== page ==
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I am studying in Vmc part, but I have hard time to understand that trim for take off is affected to Vmc. How and why does it make Vmc speed increase?

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  • $\begingroup$ What aircraft? This isn't always the case. $\endgroup$
    – Ralph J
    Commented Mar 3, 2019 at 3:20

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The trim setting doesn't increase or decrease Vmc speed itself. I suspect your question is actually "what is the take-off trim setting's relationship to Vmc".

The term "trim", more or less referring to a state of aerodynamic equilibrium in the balance of pitch related forces, and such equilibrium being achieved at a given speed for a given weight/power/thrust configuration, you trim to a speed. Trim speed is the speed the airplane will seek without physical intervention by the pilot or autopilot, for a given all up weight, CofG location, and power setting (I've always called the trim wheel a "hands free speed setting dial").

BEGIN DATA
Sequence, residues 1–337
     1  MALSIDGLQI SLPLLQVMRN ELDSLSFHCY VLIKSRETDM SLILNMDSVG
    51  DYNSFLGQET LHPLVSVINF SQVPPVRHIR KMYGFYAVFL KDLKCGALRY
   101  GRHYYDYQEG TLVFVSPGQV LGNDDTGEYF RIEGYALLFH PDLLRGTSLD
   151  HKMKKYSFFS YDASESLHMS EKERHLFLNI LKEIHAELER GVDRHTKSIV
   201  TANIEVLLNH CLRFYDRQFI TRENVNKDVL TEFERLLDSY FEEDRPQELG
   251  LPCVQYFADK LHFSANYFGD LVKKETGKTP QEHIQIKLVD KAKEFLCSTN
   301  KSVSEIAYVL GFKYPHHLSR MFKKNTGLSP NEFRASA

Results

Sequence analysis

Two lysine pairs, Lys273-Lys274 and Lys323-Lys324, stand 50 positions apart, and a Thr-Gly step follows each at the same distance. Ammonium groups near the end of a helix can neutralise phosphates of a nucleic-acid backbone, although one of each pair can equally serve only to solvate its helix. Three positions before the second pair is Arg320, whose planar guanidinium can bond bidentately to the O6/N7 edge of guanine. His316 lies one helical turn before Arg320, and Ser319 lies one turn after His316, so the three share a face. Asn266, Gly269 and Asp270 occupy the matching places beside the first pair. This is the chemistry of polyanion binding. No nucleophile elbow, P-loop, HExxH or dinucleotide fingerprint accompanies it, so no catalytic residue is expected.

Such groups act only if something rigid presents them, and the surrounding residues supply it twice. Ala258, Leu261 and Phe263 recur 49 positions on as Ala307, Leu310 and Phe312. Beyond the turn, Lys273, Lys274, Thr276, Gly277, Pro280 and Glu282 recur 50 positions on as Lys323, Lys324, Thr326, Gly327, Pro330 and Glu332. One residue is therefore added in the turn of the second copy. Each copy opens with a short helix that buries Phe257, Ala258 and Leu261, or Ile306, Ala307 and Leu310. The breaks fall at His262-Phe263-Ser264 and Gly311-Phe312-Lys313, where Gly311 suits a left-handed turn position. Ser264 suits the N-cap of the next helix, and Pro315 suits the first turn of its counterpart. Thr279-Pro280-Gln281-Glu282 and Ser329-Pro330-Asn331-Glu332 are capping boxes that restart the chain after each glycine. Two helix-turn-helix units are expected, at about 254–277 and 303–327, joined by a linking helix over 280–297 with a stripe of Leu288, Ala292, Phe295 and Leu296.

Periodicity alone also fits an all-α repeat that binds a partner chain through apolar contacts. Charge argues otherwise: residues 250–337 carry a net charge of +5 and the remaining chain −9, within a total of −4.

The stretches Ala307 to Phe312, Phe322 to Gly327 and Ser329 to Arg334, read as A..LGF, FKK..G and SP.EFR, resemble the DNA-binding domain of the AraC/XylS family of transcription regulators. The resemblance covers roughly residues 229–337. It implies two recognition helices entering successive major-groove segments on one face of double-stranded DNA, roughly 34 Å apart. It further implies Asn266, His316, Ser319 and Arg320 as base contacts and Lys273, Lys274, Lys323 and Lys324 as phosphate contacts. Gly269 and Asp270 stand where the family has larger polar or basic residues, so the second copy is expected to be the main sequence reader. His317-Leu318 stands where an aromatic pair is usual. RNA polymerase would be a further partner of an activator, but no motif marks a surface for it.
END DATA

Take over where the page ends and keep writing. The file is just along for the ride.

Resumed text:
Trim settings for takeoff in multi-engine airplanes can normally be expected to be something at or close to single engine climb speed (blue line) in a piston twin, or at or close to V2, or single engine safety speed, in a transport airplane.

The idea is to have the airplane configured so that it will naturally seek a desired speed, or reasonably close to it, without control input, and reduce the workload on the pilot during periods of excitement. To the extent that the trim setting is related to Vmc, it's to achieve this speed margin as determined by the manufacturer.

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Elevator Trim does not change the Minimum Control Speed(Vmc). It is variables such as engine power, weight and balance, and center of gravity that can cause changes to Vmc.

Those variables can also mean changes to the correct elevator trim settings for takeoff.

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